Dimension 5: Appropriateness and Ability to Engage

Fifteen studies assessed the appropriateness of existing services and survivors’ ability to engage with survivorship care. Many factors were associated with the quality of services and the challenges of transitioning survivors from pediatric to adult care.

Supply Side Factors: Technical and Interpersonal Quality, Adequacy, Coordination and Continuity

Healthcare providers and survivors in several studies reported that existing primary care providers and non-oncology specialists did not appear to have sufficient knowledge about survivors of childhood and adolescent cancers.43,49,55,57 This included knowledge about late effects, recommended surveillance schedules and general survivorship information as well as an inability to differentiate if health problems were related to a previous cancer or cancer treatment or not. For example, Sadak et al found that the lack of knowledge in childhood cancer survivorship among available adult providers was the second most common barrier (55%) to providing survivorship care to adult childhood cancer survivors.56 Access to comprehensive care, including other sub-specialists (eg, fertility and endocrinology), mental health professionals (eg, social workers and psychologists), and vocational training was considered a crucial aspect of survivorship care by the majority of childhood cancer survivors and parents of survivors in two studies.40,56

Healthcare providers noted that poor coordination of care between pediatric and adult providers resulted in inadequate services for older survivors remaining in pediatric settings.23 Coordination and continuity was reported to be an important factor in the ability to engage with follow-up care, particularly in the context of transitioning from pediatric to adult care.52 Poor communication was reported between providers in most of the studies, with one study reporting administrative pressure to transition or discharge patients from pediatric services over the age of 18.59 Oncologists also wanted to receive more feedback from primary care providers about their patients, while primary care providers expressed a preference for specific management plans to be prepared for them.57 Providers in one study reported difficulties in identifying/reaching survivors, while providers and patients in three studies reported difficulties locating medical records across pediatrics and adult clinics.37,49,61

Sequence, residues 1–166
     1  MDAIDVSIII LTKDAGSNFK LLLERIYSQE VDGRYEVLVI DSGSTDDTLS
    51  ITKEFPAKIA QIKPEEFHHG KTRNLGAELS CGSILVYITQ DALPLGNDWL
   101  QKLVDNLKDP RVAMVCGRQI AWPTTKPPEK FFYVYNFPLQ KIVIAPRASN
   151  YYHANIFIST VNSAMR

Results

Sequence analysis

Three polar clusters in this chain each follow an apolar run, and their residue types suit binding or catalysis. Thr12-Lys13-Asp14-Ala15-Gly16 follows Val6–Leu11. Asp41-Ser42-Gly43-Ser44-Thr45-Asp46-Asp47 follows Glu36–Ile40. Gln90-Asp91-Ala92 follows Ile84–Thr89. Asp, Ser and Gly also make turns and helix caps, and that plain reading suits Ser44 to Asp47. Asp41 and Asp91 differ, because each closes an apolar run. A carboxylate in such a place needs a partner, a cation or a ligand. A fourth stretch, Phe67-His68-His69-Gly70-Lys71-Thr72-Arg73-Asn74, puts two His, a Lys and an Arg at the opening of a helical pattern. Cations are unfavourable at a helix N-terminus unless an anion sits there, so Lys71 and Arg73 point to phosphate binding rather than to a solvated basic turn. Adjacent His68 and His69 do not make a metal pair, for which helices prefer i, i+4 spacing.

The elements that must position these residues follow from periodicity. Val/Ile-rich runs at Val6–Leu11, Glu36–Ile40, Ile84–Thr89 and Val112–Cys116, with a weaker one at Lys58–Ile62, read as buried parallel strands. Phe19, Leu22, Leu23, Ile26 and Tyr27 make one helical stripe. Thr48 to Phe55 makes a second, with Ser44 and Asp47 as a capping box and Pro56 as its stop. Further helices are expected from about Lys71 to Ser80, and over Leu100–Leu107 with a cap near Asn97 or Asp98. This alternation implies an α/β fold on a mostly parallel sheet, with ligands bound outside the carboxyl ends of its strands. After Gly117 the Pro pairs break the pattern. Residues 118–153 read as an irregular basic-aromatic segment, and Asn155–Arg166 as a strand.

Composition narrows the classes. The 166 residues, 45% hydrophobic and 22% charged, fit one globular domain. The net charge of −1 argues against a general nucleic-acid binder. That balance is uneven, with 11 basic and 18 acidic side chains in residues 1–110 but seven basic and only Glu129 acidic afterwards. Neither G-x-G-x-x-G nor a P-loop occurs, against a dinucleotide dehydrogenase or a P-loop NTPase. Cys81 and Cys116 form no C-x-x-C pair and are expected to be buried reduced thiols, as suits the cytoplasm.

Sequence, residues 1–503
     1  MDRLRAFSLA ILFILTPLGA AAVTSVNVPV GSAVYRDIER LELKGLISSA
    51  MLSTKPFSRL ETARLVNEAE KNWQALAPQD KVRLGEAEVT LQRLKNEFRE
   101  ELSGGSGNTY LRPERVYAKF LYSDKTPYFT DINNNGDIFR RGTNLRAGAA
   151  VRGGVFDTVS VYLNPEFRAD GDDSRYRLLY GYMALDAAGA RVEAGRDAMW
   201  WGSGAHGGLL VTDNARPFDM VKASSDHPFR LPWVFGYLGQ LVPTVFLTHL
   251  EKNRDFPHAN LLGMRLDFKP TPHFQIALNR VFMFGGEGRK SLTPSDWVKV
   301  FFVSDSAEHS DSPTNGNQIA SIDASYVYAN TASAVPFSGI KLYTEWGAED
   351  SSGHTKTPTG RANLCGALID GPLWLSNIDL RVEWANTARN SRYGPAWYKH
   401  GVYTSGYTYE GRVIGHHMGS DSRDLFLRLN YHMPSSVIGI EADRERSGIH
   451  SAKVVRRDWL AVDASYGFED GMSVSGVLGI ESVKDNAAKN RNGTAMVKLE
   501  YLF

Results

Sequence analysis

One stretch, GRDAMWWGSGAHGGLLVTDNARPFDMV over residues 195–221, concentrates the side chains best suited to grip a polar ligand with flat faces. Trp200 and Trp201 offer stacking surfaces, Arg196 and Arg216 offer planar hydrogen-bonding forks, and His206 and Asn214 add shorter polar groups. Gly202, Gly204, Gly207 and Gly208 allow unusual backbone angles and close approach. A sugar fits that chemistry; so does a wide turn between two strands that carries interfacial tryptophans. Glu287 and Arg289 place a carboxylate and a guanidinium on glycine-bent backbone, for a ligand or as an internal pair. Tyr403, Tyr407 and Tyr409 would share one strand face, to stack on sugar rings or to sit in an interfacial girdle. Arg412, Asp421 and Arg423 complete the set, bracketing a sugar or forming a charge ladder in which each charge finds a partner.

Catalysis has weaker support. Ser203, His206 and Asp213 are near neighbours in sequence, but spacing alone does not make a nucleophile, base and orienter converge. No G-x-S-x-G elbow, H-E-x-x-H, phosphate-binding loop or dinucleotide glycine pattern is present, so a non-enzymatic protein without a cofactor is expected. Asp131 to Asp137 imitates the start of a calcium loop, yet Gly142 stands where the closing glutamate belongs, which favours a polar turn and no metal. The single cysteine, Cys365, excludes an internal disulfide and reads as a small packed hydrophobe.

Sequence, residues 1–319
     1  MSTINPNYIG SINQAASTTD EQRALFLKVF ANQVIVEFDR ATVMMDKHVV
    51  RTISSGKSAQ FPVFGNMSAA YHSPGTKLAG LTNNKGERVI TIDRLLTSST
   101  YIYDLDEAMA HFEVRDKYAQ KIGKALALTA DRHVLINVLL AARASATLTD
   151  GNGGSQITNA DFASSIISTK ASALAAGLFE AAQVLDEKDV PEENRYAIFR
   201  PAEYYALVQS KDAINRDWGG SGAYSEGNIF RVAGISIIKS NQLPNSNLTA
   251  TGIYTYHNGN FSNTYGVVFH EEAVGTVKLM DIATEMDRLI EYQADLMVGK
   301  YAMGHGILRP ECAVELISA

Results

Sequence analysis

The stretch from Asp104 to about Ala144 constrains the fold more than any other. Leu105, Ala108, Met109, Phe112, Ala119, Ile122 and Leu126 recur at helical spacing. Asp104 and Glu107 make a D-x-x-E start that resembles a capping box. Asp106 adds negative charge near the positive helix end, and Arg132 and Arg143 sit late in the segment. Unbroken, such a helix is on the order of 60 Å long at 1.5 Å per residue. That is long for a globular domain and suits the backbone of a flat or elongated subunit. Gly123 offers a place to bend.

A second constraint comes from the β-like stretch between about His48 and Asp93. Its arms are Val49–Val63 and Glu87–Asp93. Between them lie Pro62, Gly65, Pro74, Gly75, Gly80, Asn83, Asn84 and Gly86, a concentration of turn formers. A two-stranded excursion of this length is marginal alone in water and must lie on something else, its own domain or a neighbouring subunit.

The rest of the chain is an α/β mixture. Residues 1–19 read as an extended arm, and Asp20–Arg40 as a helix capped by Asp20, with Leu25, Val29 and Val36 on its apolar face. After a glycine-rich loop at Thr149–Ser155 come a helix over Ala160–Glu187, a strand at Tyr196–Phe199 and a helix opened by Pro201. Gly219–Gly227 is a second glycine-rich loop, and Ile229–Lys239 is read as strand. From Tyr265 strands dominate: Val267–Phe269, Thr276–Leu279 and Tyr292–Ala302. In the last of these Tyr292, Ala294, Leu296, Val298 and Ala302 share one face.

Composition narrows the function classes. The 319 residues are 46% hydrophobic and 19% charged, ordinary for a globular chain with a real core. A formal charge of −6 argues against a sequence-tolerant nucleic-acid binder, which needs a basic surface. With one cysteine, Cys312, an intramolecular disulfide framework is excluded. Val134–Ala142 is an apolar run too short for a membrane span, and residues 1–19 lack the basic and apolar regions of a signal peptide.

Survivors expressed that they preferred to continue receiving care from the same doctor, rather than changing doctors with every visit. Patients in two studies identified that having a single identified contact person was an important facilitator during the transition to adult care.40,56 Providers in three studies also suggested that the undefined transition process and insufficient or conflicting follow-up guidelines were barriers to care engagement.23,43,49,59

Demand-Side Factors: Empowerment, Information, Adherence and Caregiver Support

Few studies examined survivors’ ability to engage in survivorship care. Survivors and parents in two studies perceived that it was important for adult-based services to promote independence and personal responsibility in survivors who were transitioning out of pediatric services.40,56


This scoping review used Levesque et al's conceptual framework of access to care, including dimensions of approachability, acceptability, availability and accommodation, affordability, and appropriateness to conceptualize factors affecting access to long-term follow-up care in CAYA survivors. We identified barriers across all dimensions of healthcare access, which we further organized into the Framework’s demand side factors (relating to patient and parent factors) and supply side factors (relating to provider and health system barriers). Commonly reported barriers included practical concerns such as distance from available services, transportation issues, appointment reminders, out-of-pocket costs and lack of financial support. However, our review also revealed several barriers specific to adolescent and young adult survivors. These included, but were not limited to, a lack of CAYA cancer survivorship services and changes to living arrangements and social support as survivors transitioned from pediatric to adult care. Although several studies in our review acknowledged the significance of patient–provider relationships and survivors’ self-efficacy in healthcare management, only a limited number of them addressed the facilitators that contribute to their development.